Sunday, November 10, 2013

Photo Of The Day

Pakistani man just after throwing, balancing on end of a crutch, playing cricket
From the Disability Curious Tumblr blog.

Disability Jocks and Nerds

I’m posting this video of John Hodgman speaking at the 2009 Television and Radio Correspondent’s Dinner for two reasons.

First, it’s funny and surprisingly touching, especially if you still have some affection left for President Obama. Second, it’s the the most clear and insightful discussion I’ve ever seen of “Jocks” and “Nerds”. And that’s important because I am coming to think that some of the divisions within the disability community parallel the Jock / Nerd divide.

While there are dozens of categories and subcategories within the disability community, I think we can see that there are two rough but recognizable approaches to disability as a topic and an experience … approaches that could be described as Jock and Nerd.

Disability “Jocks” are generally optimistic, gregarious, and practical. They mostly project a “can-do” attitude. Even their approach to disability prejudice and injustice is positive; a little education, a few policy changes, some more barrier removal and everything will be fine!

Then there are the Nerds, who are more introspective, a bit dour, less interested in being “just like everyone else”, and more aware of being a distinct subculture. Disability “Nerds” don’t just embrace the “social model” of disability, they disassemble it, reassemble it, and examine it from every angle. They dig into the experience of disability on every level. Like the Jocks, the Nerds experience injustice and want to correct it, but they tend to view ableism as deeply rooted and often intentional, not just a series of misunderstandings and policy tweaks.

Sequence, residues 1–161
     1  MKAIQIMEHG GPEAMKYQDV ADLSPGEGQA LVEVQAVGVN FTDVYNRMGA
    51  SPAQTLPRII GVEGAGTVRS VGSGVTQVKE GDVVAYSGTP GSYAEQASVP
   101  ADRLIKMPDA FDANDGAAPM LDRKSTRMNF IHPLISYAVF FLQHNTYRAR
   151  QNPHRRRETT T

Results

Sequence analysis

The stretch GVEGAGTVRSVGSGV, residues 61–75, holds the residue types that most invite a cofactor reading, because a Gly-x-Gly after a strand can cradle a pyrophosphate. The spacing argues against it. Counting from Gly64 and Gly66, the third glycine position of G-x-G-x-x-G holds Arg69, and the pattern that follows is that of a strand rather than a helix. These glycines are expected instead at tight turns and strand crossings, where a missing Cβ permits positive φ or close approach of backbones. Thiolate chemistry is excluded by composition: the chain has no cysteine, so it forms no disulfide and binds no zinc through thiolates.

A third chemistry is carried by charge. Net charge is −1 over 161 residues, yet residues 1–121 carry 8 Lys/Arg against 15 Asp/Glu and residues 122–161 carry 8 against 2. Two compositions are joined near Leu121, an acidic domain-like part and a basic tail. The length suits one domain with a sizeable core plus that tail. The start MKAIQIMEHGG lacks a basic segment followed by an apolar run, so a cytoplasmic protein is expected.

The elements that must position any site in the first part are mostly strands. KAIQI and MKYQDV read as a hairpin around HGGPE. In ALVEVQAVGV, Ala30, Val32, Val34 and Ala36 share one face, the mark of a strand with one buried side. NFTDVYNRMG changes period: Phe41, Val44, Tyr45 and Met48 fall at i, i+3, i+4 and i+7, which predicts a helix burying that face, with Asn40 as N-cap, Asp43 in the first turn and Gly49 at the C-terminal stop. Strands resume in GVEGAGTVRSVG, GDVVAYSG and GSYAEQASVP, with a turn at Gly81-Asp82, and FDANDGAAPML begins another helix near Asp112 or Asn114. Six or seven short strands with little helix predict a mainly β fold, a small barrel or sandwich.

I think this can help explain at least some of the “disabled on disabled” conflict we see in the broader disability community. Disability Nerds are uncomfortable with the seemingly relentless positivity of the Disability Jocks. The Disability Jocks get sick of the Disability Nerds’ obsession with terminology and harping on the negative all the time. Nerds think Jocks are too concerned with “acting normal”. Jocks think Nerds are too caught up in abstract theories of identity and justice.

I could keep going with this, examining how social class, income stability, and disability from birth vs. disabled later in life factor in, but I’ll stop for now and ask, is this idea helpful? Am I onto something? Also, are you a Disability Jock or a Disability Nerd?